The Stucco Quandary

The Stucco Quandary

Over the last twenty years, many stucco homes have been built in the Philadelphia suburbs. Some have stucco on all sides, others have stone or brick on the front and stucco on the sides and back, and some have stucco on just a small section.

The Problem with Stucco

Though the stucco look has been popular, many buyers who purchased stucco homes have had problems with moisture penetrating behind the stucco. In some cases, the water has resulted in mold and rotted wood, which can be extensive and very expensive to address. Some homes may need only part of the stucco replaced, but others may need the entire exterior replaced.

Stucco Inspections

Because of the prevalence of these problems, stucco inspections have become a common part of purchasing a home. In most cases, the stucco inspection is separate from the home inspection. Inspection costs can be high, depending on the size of the home and the percentage that is stucco.

Some buyers won’t consider stucco homes at all, unless they receive documentation in advance that the stucco has already been inspected and remediated. This is more likely to be the case if the buyers terminated a previous sale because a stucco inspection revealed problems the sellers would not fix to their satisfaction.

What Happens If a Sale Falls Through?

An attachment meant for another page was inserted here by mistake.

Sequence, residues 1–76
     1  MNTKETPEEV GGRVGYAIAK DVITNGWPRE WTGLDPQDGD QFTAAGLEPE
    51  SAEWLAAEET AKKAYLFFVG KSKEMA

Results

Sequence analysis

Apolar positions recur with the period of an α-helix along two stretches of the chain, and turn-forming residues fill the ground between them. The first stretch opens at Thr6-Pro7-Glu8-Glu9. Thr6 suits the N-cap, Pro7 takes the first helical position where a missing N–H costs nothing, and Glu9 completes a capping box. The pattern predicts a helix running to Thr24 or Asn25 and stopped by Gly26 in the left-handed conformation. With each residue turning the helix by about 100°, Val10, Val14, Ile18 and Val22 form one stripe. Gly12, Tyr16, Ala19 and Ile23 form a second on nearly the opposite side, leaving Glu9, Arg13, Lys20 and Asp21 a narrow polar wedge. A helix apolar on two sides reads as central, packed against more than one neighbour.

Buyers and sellers often disagree about the extent of remediation needed to address stucco problems, and those sales usually fall through. If that happens, sellers will often have the stucco remediated to some degree before putting the house back onto the market. Potential new buyers are likely to want a copy of the inspection report and documentation detailing the remediation work to determine whether the remediation was thorough enough.

Proactive Testing

Some homeowners have their stucco tested in advance of listing so they can correct any problems, making their home more attractive to buyers.

Even homeowners who are not planning to sell may decide to have their stucco tested to catch problems before they become severe. If an inspector recommends replacing the stucco, many of these homeowners decide to replace it with something else, such as fiber cement siding like Hardie board. Those homeowners will be better positioned when they decide to sell.

Stucco Today

Though some builders no longer use stucco, others may still offer it, claiming that the superior installation process they use today will prevent future problems. Buyers would do well to remain skeptical of this claim, however, given the industry’s track record. Though better standards may be in place today, there is no guarantee that they are good enough and no guarantee that subcontractor oversight will be sufficient to ensure that subcontractors adhere to them.

If you’re planning to buy or sell a home, contact Annette Nelson at (610) 247-7892 or

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